The visitors sweep into the yard like whorls of dust in the air, barely touching the ground. Fluffy and floating, all frills of grey cloth and dandelion-puff pompoms. Zae imagines them gliding through the sky like that, floating town to town like the dirigible that goes past every few months when the fields start to turn yellow.
One of them sweeps towards the tree at the centre of the garden. Looks up, almost at Zae.
Zae pushes aside one of the big round leaves, and peeks down. The tree sways a little, up here. She’s closer to the crystal-blue bowl of the sky than the red ground.
The visitor moves away. Says something to the other cloud-person with her hands.
Zae leans out for a closer look. The branch she’s sitting on squeaks, a little. It’s been doing that more and more lately. Even with Mum-with-a-T watering it every day, the big tree doesn’t make as many leaves as it used to.
She reaches her face out further, and down, sticking one leg off the other side of the branch. The tree creaks loudly. The other visitor looks up, and Zae sees straight into her bright orange eyes.
She sits back quickly on the branch and hides behind a leaf.
On the verandah, her sister curtsies to one of the clouds. Will Zae have to curtsey?
Here’s her big sister Naïs, who climbs trees with her, turned into sharp, strict adult movements. And then Mum-with-an-O is here, and she even bows to the strangers. Then, mercifully, she shuffles them inside.
Zae climbs down a few branches, and watches the ants as they trace their busy lines between the lumps and bumps of the tree trunk.
“Zae!” Mum-with-an-O’s voice out the window. “Zae, come and say hello to the visitors.”
“Goodbye, ants.” Zae slips down a couple of branches. Gets a good grip on the last one, then swings under it. She steels herself for the house, and drops to the ground.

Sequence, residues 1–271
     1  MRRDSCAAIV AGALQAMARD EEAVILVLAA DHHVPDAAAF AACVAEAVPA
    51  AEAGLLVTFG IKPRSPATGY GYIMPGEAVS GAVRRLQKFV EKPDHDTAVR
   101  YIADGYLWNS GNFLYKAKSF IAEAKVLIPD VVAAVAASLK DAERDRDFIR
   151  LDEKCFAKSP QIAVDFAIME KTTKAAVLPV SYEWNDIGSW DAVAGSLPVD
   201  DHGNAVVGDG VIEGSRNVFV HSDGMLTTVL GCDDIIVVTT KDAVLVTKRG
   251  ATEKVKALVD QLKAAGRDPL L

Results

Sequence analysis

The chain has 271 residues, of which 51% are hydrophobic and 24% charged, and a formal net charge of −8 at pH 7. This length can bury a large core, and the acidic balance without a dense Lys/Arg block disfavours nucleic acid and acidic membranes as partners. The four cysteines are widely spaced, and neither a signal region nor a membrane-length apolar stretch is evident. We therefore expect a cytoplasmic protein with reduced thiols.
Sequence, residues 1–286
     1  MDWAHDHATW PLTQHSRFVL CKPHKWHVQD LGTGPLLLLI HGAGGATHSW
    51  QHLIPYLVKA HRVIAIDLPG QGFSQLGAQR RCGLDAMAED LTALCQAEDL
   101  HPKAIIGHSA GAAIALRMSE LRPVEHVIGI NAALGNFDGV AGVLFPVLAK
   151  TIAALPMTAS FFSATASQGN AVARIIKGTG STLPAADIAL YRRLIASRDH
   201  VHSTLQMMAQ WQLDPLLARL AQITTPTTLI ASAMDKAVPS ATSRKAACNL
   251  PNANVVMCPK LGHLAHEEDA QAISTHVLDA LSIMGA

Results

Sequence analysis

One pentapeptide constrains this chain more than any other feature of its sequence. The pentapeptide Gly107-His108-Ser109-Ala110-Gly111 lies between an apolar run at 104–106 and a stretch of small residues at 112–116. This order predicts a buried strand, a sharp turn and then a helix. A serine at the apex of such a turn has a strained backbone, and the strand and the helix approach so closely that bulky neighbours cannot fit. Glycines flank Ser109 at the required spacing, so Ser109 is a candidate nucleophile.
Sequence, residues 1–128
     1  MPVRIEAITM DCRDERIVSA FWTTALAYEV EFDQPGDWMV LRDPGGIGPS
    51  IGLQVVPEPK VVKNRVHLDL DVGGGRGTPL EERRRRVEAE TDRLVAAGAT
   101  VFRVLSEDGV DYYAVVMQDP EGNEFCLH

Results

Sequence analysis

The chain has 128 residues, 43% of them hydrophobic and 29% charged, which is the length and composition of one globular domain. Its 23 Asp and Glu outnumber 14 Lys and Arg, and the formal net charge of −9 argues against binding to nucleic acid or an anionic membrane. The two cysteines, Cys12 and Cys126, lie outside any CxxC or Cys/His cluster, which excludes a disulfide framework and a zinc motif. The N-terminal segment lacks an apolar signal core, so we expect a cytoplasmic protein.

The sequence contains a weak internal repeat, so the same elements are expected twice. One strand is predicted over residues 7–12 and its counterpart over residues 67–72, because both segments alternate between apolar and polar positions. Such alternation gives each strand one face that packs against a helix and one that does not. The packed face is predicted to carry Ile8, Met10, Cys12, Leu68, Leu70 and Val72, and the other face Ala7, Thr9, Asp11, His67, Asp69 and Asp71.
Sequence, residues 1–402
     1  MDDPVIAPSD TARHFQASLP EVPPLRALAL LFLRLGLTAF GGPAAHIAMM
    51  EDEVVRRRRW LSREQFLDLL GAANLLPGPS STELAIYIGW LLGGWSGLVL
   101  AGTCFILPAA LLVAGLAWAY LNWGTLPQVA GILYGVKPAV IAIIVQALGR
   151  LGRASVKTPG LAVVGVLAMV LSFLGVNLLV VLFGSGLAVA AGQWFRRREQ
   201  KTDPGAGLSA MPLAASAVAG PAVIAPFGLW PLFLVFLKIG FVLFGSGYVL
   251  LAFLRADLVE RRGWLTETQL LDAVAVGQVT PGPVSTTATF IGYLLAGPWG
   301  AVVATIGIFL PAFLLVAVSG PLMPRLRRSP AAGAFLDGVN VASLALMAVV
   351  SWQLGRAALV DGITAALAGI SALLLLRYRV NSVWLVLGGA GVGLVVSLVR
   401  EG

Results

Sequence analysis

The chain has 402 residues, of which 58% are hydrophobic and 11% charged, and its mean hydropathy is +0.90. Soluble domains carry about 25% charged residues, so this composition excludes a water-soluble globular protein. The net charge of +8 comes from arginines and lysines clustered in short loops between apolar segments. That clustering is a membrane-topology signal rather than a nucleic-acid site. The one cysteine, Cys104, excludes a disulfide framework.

Naïs is in the hall when she comes in. “Here, Zae, take your shoes off. Dust off your jeans. And you’ve got dirt on your cheek. Hold still —” The face washer is damp and cold. Zae squirms out of her sister’s reach as soon as she can.
“That’ll do.” Naïs hangs the cloth on a handy door handle. “Here, they’re in the dining room.”
The cloud-people are arranged in mid-air in the big, empty room, perched in tall seats around the table. Usually, this room only has piles of books, and pens and paper. Today, when Zae clambers onto a chair, she gapes at warm flat-bread, and red-and-white bowls: nut-paste and Mum-with-a-T’s best pickles.
“Zaien, say hello to Oenorcor and Easennon Ahiari.”
Mum-with-an-O beams at the two clouds. But they are focussed on Zae, all their four eyes staring out of two too-elven faces, nestled in piles and piles of cloud-stuff.
Zae’s tongue freezes. She reaches for a piece of bread instead.
Mum clicks her tongue sharply, and Zae retracts her hand. She looks back at the faces for the shortest second, and squeaks something like a greeting.
One of them smiles with bright orange eyes, then turns to the other and talks with her hands. The other — Easennon? — pulls her green hair back to peer at Zae. “Are you ready for the test, Zaien?”
The first one reaches down to the seat beside her. Puts a box on the table.
Zae slips off her chair and underneath, where there are no weird faces to do tests on her.
She ignores her mother’s voice. She wants no part of whatever testing they’re doing up there.
“Zaien!” Mum-with-an-O speaks louder.
Zae twists around, looking for a way out. Nope. She’s surrounded by legs: wooden, people-legs and cloud legs. No way out.
Naïs ducks below the tabletop. “Zae, it’s all right. They’re only people in fancy clothes.”
Zae squeezes under a chair and curls up, peering at the floor. If only she could fit between the boards, like the ants do.
“Zae, just come up and have a look. Please.” Her sister’s voice is softer. “They just have some pretty pictures to show us.”
She looks at Naïs’ outstretched hand, and chews at her lip.
“Here, I’ll lift you up.”
She relents, and lets her sister help her back onto the chair.
The bread is pushed off to the side now, and instead there are little bits of paper all over the table. Not like Mum-with-a-T’s boring papers. These ones have pictures: tiny, colourful paintings. They almost glow.